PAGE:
No matter how many ludicrous comments saturate pictures of these body positive heroines, obesity is still a massive (no pun) issue within the health system. £25,000 is being spent a minute within the NHS on diabetes alone. In total, an estimated £14 billion pounds is spent a year on treating diabetes and its complications, with the cost of treating complications representing the much higher cost. That number is just scratching the surface, with heart disease, high blood pressure and a copious amount of other obesity related chronic illnesses that is crushing health systems across the western world.

When the inevitable happens, and the obese patient is told that it is now a matter of life and death, the NHS seems to be freely handing out bypass surgeries at the cost of a tidy estimation of £32 million. Yikes. How many nurses would that pay for? How many beds would cater for generally ill people? Imagine how well equipped cancer wards could be with that nice little bonus? 

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Why Korea’s election might not change North Korean policy

With the dismissal of South Korea’s former president Park Geun-hye from office, a new presidential election is coming up on May 9, and a change of parties is not only expected—it is almost certain. With the liberal Democratic/Minjoo Party replacing the conservative Korean Liberty Party/Saenuri, what kind of changes can the world expect with regard to U.S.-Korean relations and policy towards North Korea?

Throughout the past year, the Minjoo Party criticized Park’s decision to deploy the U.S.-produced Terminal High Altitude Area Defense (THAAD) system. The leading Minjoo Party candidate, Moon Jae-in, served as the chief of staff to the last liberal president, Roh Moo-hyun, who supported policies of engagement with North Korea. So will the next government be more open to diplomacy at this dangerous time on the Korean peninsula?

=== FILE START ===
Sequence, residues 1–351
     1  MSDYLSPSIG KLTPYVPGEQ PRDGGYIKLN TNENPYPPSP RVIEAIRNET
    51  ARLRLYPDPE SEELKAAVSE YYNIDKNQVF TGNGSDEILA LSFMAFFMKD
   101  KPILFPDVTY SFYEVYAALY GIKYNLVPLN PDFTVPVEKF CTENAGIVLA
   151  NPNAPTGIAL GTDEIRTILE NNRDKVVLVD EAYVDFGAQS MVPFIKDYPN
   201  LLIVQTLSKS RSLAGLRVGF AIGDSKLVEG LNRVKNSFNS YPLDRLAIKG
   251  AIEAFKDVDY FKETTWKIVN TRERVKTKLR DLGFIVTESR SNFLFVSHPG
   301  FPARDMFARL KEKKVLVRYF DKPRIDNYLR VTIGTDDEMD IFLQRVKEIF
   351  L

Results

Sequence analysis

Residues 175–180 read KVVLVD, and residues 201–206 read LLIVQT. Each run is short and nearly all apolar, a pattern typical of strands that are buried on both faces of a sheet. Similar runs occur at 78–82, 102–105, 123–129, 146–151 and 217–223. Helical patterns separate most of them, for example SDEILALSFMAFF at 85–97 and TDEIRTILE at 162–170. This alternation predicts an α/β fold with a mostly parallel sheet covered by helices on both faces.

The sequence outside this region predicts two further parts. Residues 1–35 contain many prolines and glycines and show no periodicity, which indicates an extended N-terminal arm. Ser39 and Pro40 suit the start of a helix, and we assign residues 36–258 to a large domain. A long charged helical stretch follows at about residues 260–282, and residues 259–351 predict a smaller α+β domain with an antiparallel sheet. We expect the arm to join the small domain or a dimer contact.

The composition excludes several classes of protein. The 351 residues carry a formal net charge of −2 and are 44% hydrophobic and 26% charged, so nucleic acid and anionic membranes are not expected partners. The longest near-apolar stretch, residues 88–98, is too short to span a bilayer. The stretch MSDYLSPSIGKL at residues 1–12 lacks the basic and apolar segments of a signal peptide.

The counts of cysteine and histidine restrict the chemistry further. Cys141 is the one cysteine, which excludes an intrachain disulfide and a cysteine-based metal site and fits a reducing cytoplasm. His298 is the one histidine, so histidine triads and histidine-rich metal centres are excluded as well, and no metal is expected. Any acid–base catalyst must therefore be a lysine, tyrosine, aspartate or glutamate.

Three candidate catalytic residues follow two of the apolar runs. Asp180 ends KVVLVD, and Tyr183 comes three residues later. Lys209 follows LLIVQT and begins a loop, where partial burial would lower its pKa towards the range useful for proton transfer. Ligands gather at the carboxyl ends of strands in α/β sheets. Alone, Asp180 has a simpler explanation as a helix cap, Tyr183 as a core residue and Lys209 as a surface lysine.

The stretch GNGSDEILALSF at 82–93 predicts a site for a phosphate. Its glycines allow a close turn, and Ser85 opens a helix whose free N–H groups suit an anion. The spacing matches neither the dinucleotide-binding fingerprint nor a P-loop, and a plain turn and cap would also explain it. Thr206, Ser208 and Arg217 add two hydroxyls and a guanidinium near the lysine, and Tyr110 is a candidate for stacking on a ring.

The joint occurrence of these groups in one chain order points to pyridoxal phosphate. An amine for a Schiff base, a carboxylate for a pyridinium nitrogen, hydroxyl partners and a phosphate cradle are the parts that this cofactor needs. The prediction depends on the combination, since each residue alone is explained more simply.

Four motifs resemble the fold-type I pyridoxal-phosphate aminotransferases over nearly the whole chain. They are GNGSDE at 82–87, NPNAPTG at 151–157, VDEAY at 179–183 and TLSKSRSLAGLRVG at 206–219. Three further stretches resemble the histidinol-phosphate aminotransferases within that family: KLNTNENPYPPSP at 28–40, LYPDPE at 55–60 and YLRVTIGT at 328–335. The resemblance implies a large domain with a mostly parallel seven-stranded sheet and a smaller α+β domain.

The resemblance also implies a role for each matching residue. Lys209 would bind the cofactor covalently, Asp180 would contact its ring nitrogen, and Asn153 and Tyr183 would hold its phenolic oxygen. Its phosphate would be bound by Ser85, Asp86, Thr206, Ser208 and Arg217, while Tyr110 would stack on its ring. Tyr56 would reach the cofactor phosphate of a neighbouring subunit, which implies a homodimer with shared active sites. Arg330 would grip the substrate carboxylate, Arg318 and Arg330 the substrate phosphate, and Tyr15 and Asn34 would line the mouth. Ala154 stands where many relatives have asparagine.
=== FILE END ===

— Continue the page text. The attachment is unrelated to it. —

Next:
To answer these and other questions, I talked to John Lee, who is the Conservative Columnist at NK News and the writer behind The Korean Foreigner.

Lee said that because of the reality on the ground, the next president, whoever it is, will be constrained in his choices. The Minjoo Party will have to accept THAAD, because it is already a done deal. The first components of THAAD arrived at Osan Air Base, outside of Seoul, on March 6, and the system is in the process of being assembled. “By the time the elections are over, this is going to be a done deal, and they will have no choice but to accept it. They’ll just blame it on the Park administration,” Lee said.

As for possibilities of dealing with North Korea,

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Your weekend long reads, Sweden, Migrants, Trump and Russia

Some of you must remember Swedish foreign minister trolling Donald Trump’s all male lineup during a signature of a bill cutting random funding to NGOs providing abortion worldwide. That act alone doesn’t tell us anything, it might be very well a part of America First and cutting additional expenditure. Boy, the reaction was swift. The Dutch started a fund to compensate the American funding cut, prompting the question, what were they waiting for so long? Also, shouldn’t they be spending the money in NATO? But never mind. Let’s stick to Sweden. When the Swedish FM penned an opus in Guardian, named “What Donald Trump could learn from the Feminist government of Sweden“, punching questions like, “The question remains: who should decide over a woman’s body, if not herself?” (Or Iranian mullahs maybe), irony died laughing clearly. In other news, Swedish Secretariat of Gender Studies, an organisation as notorious as the Soviet politburo in their promotion of unscientific dogma, called for an academic boycott of US. I personally think the yanks dodged a bullet there. The Swedish gender research is a laughing stock in mainstream academic community, and is essentially unverifiable, unfalsifiable dross anyway.

My critique on the myth of Sweden’s Feminist foreign policy as well as my book review of Professor Tom Nichols’ “The Death of Expertise” is out in Quillette. Read them here.